Soccer World Cup leads to longer school winter holidays

The Education Department has announced that next years South African school’s winter vacation period will be extended to ensure that schools are closed during the 2010 FIFA World Cup.
This is to prevent pupil and teacher absenteeism during the matches, as well as lighten the load on the public transport system.
The 2010 FIFA World Cup will be held from the 11 June, with the final match and closing ceremony being on 11 July. The school term will end just two days before kick off and start again two days after the tournament’s final and closing ceremonies.
The Gauteng Education Department has provided a term calendar on its website that lists the following dates being applicable for the 2010 winter break: last day of the second term is 9 June, with the first day back for pupils to start the third term being 13 July. In terms of actual school days, this means a holiday of 22 days, as opposed to the usual 15. These dates apply to all nine provinces.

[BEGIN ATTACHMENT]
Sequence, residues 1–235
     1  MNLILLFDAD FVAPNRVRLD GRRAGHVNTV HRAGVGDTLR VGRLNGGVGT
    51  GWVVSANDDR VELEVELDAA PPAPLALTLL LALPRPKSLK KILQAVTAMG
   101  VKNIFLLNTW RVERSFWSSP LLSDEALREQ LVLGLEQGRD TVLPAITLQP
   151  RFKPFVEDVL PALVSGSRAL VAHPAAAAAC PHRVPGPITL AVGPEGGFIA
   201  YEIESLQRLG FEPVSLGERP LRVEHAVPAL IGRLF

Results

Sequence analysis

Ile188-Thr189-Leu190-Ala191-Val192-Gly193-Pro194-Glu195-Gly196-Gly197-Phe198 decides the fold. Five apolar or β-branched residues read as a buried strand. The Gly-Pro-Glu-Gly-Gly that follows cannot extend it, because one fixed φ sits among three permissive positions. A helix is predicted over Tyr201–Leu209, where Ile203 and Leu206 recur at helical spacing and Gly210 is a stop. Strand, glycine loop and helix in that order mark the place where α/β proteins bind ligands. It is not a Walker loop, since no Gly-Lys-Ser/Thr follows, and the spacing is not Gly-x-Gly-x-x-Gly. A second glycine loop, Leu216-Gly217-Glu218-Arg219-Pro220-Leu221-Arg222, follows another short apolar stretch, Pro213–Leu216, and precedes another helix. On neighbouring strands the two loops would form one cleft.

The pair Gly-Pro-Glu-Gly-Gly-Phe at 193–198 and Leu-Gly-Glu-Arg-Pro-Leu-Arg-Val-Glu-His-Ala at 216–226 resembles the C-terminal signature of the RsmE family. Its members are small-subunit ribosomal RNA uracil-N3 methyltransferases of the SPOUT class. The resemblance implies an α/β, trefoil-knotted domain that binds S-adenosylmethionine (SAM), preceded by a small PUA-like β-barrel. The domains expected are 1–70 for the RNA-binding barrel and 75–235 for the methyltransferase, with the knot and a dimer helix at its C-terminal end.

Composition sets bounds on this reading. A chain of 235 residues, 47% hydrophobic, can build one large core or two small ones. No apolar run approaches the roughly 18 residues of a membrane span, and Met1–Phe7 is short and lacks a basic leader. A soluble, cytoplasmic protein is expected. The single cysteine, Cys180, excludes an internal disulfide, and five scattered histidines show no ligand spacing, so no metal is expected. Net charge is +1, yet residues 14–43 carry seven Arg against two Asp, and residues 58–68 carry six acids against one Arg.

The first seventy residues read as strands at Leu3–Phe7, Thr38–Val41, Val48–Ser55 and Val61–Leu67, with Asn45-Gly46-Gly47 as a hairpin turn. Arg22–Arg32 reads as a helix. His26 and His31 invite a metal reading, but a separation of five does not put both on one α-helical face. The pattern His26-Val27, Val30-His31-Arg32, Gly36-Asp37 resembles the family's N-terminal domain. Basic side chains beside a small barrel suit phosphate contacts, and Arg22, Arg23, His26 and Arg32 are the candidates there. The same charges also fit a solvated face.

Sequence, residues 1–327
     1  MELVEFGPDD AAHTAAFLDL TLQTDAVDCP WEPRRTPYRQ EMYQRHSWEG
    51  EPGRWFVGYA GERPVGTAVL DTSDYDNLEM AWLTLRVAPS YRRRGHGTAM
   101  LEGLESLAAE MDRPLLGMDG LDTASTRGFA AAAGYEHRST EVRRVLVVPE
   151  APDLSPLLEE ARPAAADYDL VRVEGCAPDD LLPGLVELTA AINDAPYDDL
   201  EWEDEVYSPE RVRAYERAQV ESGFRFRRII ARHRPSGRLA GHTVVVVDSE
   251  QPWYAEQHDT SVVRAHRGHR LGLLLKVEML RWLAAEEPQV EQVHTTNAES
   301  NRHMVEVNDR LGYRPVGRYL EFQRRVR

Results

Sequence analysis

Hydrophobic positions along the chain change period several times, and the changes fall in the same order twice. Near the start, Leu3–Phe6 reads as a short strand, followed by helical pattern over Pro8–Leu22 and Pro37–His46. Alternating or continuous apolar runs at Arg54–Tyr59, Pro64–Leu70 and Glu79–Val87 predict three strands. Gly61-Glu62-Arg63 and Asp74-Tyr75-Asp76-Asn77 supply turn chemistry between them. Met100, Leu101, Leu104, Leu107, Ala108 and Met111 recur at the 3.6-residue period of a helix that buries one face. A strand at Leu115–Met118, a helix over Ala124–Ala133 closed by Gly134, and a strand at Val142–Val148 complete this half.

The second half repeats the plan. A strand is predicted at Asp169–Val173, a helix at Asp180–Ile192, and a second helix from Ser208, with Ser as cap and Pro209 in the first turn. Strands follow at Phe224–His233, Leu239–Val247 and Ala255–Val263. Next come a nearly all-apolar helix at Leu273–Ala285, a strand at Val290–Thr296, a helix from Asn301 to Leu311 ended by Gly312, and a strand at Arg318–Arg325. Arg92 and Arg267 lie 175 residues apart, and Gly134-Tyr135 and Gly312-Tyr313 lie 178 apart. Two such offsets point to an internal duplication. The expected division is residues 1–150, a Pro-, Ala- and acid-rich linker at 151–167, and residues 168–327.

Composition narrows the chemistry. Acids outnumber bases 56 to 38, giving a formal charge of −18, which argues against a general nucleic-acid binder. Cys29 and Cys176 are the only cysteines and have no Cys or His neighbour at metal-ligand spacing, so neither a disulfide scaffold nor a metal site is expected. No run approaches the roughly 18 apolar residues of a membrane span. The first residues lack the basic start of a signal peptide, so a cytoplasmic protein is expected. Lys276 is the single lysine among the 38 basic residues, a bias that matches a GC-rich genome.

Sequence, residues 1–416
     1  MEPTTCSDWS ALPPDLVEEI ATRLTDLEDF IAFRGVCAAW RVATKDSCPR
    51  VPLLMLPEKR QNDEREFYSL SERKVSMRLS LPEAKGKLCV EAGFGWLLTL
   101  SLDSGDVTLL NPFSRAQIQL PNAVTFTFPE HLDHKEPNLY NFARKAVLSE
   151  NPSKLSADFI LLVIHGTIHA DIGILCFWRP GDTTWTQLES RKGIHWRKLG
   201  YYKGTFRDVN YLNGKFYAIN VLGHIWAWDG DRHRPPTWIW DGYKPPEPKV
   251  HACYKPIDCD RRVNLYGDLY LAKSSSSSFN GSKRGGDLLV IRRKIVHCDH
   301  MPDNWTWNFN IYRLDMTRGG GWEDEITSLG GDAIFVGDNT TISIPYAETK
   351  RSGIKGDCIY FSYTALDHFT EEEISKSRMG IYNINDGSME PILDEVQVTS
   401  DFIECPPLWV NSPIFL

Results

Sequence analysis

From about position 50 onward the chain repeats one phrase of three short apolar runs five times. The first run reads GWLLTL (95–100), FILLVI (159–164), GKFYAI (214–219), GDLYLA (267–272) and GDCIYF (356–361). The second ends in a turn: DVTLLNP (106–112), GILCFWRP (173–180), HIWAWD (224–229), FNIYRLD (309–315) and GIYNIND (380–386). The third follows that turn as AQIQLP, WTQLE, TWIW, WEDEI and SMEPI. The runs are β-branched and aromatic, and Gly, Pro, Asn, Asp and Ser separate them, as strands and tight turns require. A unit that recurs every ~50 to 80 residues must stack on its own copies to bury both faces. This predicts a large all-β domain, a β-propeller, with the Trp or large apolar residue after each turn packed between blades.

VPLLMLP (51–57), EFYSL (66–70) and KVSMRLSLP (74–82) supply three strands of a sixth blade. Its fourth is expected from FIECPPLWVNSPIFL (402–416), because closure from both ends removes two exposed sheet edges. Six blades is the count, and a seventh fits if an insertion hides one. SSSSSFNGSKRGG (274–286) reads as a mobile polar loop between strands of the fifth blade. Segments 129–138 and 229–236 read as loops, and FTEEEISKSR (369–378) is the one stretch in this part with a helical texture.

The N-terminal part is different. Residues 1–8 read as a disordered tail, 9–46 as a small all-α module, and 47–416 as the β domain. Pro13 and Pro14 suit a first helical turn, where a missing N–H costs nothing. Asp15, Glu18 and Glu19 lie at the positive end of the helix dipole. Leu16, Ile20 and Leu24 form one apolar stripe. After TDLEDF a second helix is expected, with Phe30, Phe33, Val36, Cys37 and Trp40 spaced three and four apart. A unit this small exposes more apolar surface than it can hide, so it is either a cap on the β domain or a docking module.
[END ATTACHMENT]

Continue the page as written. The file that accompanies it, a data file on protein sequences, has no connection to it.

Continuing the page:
The Education Department has confirmed the approval and gazetting of the school calendar, thus making the aforementioned dates official. The Department has however insured that there will still be the usual 195 school days during the course of the academic year, as per prescribed policy.
Private schools that are members of ISASA (the Independent Schools Association of South Africa) have also amended their calendars: the schools that usually run a four-term year will follow the State Calendar as per the Education Department. The schools which normally follow a three-term year will next year follow a four term calendar, which is similar to the State calendar, except for differing dates regarding the end of the third term and the whole of the fourth term. They too will be closed on the same dates as all the other schools during the 2010 World Cup. The amended calendar is available for download on their website.
The 2010 Local Organising Committee, along with the Transport Department, had asked for schools to be closed, citing traffic congestion as one of the reasons.